My First Couchsurfing Experience: Finding The "Craic" & Acceptance
It was a short walk down Holybank Rd., but it felt like miles. I was dancing through a dew, damp and underdressed for a cold March in Ireland. My pack had me hunched over, full of things I’d never need. I caught my reflection in the passing car windows, checking to see if my face mirrored the spectacle taking place inside me. Aside from mild anxiety-induced sweat, I seemed to be intact. I felt like my intestines had come undone, swirling around aimlessly in my gut. With every block of cement, I attempted to strip away useless parts of my false identity, insecurities I wouldn’t need during my stay in Ireland.
I was 22, I’d never left my home country before. I was traveling alone to meet a group of strangers who allowed me to sleep on their couch, free in Dublin. I didn’t have my best friend beside me. I had no social armor. I kept thinking, “How does a person portray confidence and graciousness in the same introductory glance?” Also, “God, I wish that my sleep-habit of open-mouthed breathing would cease to exist across international waters. And, don’t talk too much.”
But nothing I’d read in Rick Steves travel guide could have prepared me for what lay at the end of that short walk. The four men who lived in that house, they’d unknowingly become my mentors, my working class shamans. They were my first. The first of many foreign hosts who would take me in on the trust of a 200 word Couchsurfing bio. They taught me about the joys of travel and connectivity, they taught me about freedom and unfettered human bonds. Their home became a place of refuge in my memory, a place that helped me heal the part of myself that needed to belong. A place I retreated to in my memory long after I’d returned home.
Their names were Dimitry, Richie, Krzysztof and Wayne. Krzysztof is from Krakow. He would look at you with the gaze of a thousand sentences. He was kind and pensive with an adventurous spirit. Wayne is Irish, he had an affair with it all; women, art, music, you name it; he provided entertainment with his every entrance. Richie had a blend of Irish wit and Buddhist charm I’ve struggled to find in anyone else since; He cleansed my spirit with laughter and challenged my thinking often and as much possible. Dimitry was from Latvia, and he’s remained one of the most interesting humans I’ve ever met. He saw the world through a lens that was so estranged and empathetic. We caught many sunrises together, talking into the morning about his ideas to crack language comprehension, lamenting the many cigarette carcasses we found at our feet. They all had their own brand of openness but connected in their humor and generosity of spirit toward everyone they welcomed into their home.
About a week after I warmed up, they introduced their personal moments of frustration and morning grumbles. I pocketed these moments like little treasures of their personalities I’d want to keep forever. Brewing under the surface of each one of them was an individual depth that fueled them to continue inviting strangers into their home, furthering their understanding of the world through the people that drooled on their couch; they’d hosted hundreds of people over the years.
Dublin is a beautiful city with a dearth of history and culture. With the help of my hosts, I drank and ate and gallivanted to places the guidebooks could explain with better detail than my foggy memory will allow, but it was their tiny, aged kitchen that taught me the most about travel.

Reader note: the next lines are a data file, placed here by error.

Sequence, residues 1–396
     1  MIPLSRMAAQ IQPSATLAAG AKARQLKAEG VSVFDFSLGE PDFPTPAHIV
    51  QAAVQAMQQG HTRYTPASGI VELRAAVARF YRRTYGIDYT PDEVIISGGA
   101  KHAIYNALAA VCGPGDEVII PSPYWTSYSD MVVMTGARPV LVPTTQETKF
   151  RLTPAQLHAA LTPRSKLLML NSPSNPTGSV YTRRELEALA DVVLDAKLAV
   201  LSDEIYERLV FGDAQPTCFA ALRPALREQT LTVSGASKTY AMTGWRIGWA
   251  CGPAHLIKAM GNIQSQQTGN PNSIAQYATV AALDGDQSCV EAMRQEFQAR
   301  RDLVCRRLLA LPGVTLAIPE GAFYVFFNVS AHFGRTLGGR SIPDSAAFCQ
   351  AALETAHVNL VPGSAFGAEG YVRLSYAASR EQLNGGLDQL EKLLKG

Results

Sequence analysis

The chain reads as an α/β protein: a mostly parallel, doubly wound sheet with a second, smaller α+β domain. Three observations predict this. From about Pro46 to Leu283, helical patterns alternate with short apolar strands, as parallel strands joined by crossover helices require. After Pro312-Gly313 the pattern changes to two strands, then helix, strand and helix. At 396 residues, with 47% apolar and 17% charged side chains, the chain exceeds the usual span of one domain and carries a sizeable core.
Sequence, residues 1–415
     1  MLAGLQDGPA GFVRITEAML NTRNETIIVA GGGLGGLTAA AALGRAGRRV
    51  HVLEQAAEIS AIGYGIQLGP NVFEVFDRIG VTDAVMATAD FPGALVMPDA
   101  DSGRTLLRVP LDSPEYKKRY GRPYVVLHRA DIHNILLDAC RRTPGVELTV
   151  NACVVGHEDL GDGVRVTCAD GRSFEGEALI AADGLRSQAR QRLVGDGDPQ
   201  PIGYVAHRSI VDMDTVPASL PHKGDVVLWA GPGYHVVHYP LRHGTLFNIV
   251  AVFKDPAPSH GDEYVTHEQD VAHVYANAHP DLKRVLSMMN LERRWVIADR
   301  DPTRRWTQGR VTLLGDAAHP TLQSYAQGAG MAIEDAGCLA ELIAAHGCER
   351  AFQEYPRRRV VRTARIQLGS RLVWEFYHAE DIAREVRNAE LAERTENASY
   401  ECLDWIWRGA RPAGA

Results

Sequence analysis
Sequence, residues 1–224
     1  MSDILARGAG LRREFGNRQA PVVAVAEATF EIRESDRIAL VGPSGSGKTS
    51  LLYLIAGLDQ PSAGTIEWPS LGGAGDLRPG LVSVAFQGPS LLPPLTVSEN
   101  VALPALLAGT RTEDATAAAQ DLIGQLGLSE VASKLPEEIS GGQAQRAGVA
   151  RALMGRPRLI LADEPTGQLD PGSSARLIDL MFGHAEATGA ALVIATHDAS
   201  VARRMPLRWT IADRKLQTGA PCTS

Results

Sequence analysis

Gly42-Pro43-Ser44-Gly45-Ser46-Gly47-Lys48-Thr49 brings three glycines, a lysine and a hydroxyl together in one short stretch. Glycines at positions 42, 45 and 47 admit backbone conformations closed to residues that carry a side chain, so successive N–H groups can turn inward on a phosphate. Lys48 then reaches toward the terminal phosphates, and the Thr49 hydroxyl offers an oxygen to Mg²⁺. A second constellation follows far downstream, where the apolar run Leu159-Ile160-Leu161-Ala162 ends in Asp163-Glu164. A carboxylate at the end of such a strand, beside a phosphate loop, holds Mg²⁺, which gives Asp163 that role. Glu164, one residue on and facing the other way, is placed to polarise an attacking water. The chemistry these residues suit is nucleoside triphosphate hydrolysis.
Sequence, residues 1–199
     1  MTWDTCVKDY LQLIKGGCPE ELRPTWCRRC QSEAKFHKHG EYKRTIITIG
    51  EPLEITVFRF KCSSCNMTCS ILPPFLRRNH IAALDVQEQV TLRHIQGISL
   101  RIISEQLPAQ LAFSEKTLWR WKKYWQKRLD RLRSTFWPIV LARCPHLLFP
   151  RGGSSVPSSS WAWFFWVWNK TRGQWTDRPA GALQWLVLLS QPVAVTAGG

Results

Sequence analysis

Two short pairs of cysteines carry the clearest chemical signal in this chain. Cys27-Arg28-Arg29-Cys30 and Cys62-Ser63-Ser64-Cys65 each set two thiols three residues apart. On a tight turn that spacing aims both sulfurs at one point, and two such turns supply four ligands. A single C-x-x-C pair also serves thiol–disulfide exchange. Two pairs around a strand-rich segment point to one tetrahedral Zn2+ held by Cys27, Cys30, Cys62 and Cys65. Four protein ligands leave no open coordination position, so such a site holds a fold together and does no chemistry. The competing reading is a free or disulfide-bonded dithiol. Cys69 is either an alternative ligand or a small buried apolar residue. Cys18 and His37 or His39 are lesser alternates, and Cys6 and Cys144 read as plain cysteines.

Each morning, I’d hear the kettle boil from my room and abandon all beauty habits, allowing my hair to take on whatever the night had styled. I’d tiptoe across the icy floor to the kitchen table hoping to find a familiar face. Tea, that was the unifier; it was always a cup of tea. We’d all meet there, at the start of the day and again at the end. We shared stories and jokes. We ate, we debated, but we never seemed to run out of tea. I felt soothed when I entered that little kitchen. I felt heard when I’d offer my voice. My conversations with each of them grew deeper in seriousness and sensitivity with each empty cup. A homegrown community built over Earl Grey, one they’d assembled on the pure generosity of spirit.
When times allowed, we’d all go to street fairs, markets, bars, and cafes. With their help, I found the elusive, “craic.” They always took everyone along, like family, and when I asked, they allowed me to extend my stay without question.
When I’d finished my European pilgrimage, I spent my last night on Holybank Rd., months after my initial visit. That time, I remember running down the block, eager to tell of my journey. I felt so comfortable. I felt like I was running home.
I’ve since met local hosts around the world who’ve transformed me, humbled me, brought me to face my privilege and shown me unprecedented love and connectivity. They’ve shown me the transience of “Home.” It has always been those with the least who have offered me the most, and there have been no exceptions to this rule.
It was there, on Holybank Rd., that I sifted through all the regurgitated narratives and scraps of my hodgepodge identity I’d super glued to my veneer to sculpt an inviting persona. With every sincere moment of connection, I experience traveling, I internally scrape off another false chunk, bringing me closer and closer to myself.
To this day, the men of Holybank Rd. probably don’t recall or realize the lasting effect they’d had on me or the many others they’d open their home to. I’ve since struggled to stay in touch as their lives have moved them away from Ireland. Seven years have passed, and whenever I pack for a trip, I bring along the confidence and curiosity they instilled in me so many years ago; and every time my tea kettle whistles, I think of them.